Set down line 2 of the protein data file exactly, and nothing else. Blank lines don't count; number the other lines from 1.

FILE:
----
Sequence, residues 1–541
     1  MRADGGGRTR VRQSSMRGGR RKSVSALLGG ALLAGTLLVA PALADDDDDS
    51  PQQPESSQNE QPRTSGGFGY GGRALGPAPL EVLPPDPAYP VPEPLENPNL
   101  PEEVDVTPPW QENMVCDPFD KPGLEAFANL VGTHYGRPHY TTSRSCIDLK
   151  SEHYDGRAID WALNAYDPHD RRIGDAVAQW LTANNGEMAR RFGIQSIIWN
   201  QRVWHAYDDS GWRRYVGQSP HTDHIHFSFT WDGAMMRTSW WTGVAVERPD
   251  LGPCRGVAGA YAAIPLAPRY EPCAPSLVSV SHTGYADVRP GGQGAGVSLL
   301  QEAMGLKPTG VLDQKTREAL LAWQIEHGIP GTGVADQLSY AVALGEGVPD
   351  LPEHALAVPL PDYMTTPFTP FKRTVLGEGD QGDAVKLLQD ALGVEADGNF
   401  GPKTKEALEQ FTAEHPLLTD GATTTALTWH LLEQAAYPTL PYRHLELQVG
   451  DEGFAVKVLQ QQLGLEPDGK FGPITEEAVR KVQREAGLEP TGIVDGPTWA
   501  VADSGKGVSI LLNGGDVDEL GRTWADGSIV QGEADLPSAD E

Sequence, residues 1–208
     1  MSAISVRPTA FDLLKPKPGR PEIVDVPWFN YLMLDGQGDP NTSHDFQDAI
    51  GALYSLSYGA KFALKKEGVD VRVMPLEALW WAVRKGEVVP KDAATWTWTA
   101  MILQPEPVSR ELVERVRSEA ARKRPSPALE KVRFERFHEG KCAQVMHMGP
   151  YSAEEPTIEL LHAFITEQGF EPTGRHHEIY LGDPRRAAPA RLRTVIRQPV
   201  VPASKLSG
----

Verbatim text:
     1  MRADGGGRTR VRQSSMRGGR RKSVSALLGG ALLAGTLLVA PALADDDDDS